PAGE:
Angelina Jolie to deliver keynote speech for BBC’s ‘World on the Move’ migration special

The actor and UN Special Envoy will speak live today as part of the BBC's day of programmes exploring the migrant crisis

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Angelina Jolie-Pitt is set to deliver a keynote speech today as part of  BBC’s World on the Move migration special. 

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Jolie Pitt, the UN High Commissioner for Refugees’ Special Envoy, will speak in front of a live audience at the BBC Radio theatre at 12:15pm today as part of a series of programmes on TV and radio addressing the migrant crisis.

Her appearance will be hosted by Radio 4 Today presenter Mishal Husain, and will be broadcast on Radio 4, BBC News and the BBC World Service. 

“The debate on the refugee crisis is often polarized and based on fear and misconceptions. We need to have a rational discussion that focuses on how we strengthen the systems designed to protect those fleeing war and persecution, while understanding and taking into account the concerns of citizens in host countries,” Jolie Pitt explained.

“Above all, we need to address the conflict and insecurity that are the root causes of the mass movement of refugees. I look forward to exploring these issues with the BBC and its global audience, and to a day of discussion in which all sides of the debate can be heard and long-term solutions can be identified and highlighted.”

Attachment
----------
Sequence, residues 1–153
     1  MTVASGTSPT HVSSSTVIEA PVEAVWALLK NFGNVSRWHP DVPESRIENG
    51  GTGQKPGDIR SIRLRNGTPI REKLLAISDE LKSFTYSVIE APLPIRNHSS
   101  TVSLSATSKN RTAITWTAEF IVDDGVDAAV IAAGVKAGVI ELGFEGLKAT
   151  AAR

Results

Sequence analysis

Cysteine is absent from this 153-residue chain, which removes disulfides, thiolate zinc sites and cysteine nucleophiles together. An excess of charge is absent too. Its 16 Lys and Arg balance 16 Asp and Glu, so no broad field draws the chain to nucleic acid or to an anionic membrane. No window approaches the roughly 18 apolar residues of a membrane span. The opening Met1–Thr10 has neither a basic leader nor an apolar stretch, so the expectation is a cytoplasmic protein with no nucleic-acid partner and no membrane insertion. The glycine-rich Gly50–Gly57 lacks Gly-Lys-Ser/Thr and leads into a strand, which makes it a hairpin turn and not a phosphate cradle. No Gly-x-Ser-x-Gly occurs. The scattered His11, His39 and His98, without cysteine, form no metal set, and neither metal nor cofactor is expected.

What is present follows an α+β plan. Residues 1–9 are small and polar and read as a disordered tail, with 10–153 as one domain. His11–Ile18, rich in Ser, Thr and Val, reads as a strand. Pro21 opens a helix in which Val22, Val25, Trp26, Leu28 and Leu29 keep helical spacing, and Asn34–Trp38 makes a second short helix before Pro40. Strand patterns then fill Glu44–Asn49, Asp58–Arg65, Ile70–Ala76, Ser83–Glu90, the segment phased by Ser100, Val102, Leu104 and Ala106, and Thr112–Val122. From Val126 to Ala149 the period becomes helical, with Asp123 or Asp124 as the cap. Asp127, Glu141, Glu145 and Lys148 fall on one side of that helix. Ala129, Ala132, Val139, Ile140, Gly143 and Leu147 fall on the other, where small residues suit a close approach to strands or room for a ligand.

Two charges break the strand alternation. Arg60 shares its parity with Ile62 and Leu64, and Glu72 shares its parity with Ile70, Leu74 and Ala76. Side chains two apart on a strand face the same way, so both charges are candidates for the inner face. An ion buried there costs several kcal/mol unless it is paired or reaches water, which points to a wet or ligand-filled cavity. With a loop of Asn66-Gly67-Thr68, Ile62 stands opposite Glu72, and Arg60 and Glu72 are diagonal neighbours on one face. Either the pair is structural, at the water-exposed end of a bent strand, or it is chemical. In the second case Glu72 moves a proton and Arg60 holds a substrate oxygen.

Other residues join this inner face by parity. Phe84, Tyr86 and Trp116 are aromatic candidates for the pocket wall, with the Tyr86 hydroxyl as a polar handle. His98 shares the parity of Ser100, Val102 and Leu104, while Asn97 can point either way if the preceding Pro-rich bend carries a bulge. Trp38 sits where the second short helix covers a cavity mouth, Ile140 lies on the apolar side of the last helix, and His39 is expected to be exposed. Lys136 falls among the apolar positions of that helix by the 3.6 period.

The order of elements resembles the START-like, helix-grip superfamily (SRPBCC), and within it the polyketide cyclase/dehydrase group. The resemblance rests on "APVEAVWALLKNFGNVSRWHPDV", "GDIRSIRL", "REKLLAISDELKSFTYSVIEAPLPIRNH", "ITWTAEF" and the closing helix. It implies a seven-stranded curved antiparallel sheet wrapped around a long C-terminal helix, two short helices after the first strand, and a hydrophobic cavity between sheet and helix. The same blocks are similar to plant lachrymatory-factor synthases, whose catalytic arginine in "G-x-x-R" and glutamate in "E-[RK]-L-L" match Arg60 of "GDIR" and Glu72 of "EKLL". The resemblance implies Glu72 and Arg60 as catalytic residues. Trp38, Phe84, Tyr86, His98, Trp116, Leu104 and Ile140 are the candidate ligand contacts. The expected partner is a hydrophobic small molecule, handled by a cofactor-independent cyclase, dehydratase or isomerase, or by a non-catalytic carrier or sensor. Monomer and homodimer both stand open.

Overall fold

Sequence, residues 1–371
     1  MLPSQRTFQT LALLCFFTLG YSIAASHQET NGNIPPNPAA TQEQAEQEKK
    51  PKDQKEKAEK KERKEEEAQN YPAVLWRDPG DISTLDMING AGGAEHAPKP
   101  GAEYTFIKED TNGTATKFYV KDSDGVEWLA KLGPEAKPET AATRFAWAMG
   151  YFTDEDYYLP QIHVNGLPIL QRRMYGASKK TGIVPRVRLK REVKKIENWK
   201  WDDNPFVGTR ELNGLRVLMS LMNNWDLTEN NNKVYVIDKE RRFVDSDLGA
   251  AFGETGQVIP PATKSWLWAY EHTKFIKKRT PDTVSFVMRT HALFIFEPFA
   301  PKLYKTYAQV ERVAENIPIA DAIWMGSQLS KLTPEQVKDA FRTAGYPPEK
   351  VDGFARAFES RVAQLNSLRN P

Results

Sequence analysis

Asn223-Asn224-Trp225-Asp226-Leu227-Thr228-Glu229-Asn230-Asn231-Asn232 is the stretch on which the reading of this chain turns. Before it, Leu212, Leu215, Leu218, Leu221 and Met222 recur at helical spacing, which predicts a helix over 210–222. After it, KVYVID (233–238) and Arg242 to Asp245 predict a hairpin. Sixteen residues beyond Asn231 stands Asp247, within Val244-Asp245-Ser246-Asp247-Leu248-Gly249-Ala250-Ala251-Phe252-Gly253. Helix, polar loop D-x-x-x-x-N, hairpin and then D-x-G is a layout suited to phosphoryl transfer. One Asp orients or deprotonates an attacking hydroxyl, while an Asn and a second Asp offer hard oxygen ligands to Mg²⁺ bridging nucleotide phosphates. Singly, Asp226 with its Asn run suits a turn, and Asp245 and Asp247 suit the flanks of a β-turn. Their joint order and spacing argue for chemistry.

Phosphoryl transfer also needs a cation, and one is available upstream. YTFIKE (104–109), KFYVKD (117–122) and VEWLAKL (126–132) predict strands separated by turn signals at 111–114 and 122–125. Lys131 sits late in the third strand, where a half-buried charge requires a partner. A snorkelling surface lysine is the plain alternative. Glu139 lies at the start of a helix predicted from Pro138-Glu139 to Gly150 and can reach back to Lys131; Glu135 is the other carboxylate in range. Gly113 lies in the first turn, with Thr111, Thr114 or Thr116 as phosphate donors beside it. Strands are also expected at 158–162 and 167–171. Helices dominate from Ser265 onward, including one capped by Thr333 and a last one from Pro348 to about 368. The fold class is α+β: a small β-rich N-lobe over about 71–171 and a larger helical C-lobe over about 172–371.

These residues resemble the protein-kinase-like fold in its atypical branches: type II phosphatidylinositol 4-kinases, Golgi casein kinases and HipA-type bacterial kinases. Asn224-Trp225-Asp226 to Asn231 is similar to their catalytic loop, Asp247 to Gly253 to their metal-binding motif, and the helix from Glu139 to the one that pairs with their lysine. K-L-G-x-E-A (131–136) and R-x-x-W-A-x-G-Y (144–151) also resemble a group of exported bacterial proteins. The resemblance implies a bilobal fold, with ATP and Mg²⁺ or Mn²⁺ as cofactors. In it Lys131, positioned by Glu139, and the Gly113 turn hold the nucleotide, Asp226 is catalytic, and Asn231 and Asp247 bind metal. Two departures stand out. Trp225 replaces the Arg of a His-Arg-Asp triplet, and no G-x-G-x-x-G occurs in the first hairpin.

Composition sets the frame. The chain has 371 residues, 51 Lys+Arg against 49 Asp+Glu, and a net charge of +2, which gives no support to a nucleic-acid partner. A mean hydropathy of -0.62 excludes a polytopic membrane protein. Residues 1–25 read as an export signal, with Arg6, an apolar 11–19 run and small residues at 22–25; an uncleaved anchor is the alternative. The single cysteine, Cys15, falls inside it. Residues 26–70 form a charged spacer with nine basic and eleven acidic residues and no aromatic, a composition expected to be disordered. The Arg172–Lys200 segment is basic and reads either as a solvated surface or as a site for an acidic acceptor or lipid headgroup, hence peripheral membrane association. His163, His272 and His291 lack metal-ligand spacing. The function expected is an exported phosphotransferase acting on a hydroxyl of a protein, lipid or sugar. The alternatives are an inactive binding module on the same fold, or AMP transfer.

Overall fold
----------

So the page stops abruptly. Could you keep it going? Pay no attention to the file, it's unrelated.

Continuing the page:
The day will also feature a live radio drama written by playwright James Graham, focussing on UK migration. It will be broadcast on Radio 4 at 2:15pm.

Coverage began with Today presenter Sarah Montagu broadcasting from Vietnam, examining how the country has recovered following a devastating war and refugee crisis. In the evening, the World Tonight will come live from California, looking at how multinational workforces are serving the creativity of the tech sector.

“If the Today Programme ran all day on one story, what new insights would it throw up? We’ve put together a day of programming involving BBC News and some of Radio 4’s biggest programme strands to look at a key story of our time,” said BBC Director of News and Current Affairs James Harding. 

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Follow the coverage live on the BBC website here.